Reflectance data from twelve wells (six in St. Lawrence Lowlands Cambrian-Ordovician rocks, three in Silurian rocks, and three in Devonian rocks of Gaspé Peninsula) are included in this paper.

The observations were made on polished organic matter obtained by palynological preparations made from drill cuttings and cores. The organic matter in the Cambrian-Ordovician and Silurian rocks, and the Devonian carbonates, presumably consists of asphaltic pyrobitumen, which closely resembles vitrinite under the microscope. The organic matter in the Devonian clastics is characteristically coaly.

The relatively undeformed platform rocks of the St. Lawrence Lowlands, despite a wide regional variation, generally attain an initial maturity (oil prone) stage of organic metamorphism to a depth of approximately 3,000 ft (900 m) and a mature (mainly gas-with-condensate prone) stage to an approximate depth of 6,000 ft (1,800 m). These maturation levels are shown by the Utica and Lorraine shales, silts and minor sandstones, and the Trenton carbonates. Rocks below 6,000 ft (1,800 m) contain mainly gas possibilities.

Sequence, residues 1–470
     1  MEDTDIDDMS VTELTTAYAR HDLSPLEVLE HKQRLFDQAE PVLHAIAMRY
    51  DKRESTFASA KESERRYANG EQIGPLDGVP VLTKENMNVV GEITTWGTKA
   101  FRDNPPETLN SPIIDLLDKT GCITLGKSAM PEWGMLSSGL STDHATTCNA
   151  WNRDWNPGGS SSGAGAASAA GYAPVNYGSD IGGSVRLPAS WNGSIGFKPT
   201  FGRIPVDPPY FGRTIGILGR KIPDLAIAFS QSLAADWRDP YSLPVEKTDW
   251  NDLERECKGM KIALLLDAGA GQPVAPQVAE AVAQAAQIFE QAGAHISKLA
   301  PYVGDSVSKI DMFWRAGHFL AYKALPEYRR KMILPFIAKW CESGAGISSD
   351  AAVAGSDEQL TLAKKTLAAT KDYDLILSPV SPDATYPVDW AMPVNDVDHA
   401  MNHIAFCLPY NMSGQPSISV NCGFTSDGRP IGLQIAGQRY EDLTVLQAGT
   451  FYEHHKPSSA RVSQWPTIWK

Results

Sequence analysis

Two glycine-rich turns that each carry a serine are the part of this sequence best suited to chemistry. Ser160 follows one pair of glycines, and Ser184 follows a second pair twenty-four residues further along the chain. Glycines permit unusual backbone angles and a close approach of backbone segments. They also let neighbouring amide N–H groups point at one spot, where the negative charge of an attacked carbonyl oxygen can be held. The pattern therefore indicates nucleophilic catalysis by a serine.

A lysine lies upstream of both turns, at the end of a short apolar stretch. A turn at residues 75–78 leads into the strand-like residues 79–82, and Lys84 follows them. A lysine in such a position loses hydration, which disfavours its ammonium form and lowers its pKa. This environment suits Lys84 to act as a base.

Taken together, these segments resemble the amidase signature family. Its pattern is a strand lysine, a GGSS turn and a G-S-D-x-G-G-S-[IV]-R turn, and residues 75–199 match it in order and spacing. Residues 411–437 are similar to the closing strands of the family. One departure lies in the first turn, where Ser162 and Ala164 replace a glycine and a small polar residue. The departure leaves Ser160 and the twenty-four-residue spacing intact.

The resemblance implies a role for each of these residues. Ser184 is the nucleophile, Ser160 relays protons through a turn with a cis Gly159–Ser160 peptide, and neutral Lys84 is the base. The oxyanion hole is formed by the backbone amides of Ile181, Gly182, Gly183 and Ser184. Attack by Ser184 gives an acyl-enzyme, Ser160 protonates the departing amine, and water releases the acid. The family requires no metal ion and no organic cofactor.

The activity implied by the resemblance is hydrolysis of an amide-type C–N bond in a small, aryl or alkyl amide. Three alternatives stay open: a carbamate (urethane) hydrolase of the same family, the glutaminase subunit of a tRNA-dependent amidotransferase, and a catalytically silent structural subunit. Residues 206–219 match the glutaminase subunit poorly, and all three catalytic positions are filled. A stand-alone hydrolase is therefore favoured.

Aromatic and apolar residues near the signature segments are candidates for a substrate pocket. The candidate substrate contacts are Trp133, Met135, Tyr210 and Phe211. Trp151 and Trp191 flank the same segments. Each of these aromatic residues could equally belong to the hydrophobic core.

The Silurian sediments, in the Gaspé Peninsula area, generally attain mature and postmature stages of maturation corresponding to gas potential. The maturation can be correlated with the total thickness of Silurian rocks but anomalous high maturation levels in the interior of Gaspé Peninsula are attributed to regional igneous activity.

The Devonian carbonates and clastics are best preserved in a series of regional folds in eastern Gaspé. They are at the immature to postmature stages of organic metamorphism, suggesting both oil and gas possibilities. The metamorphism increases toward the interior of Gaspé Peninsula, where it may be related to basinal thickening and increased regional igneous activity.

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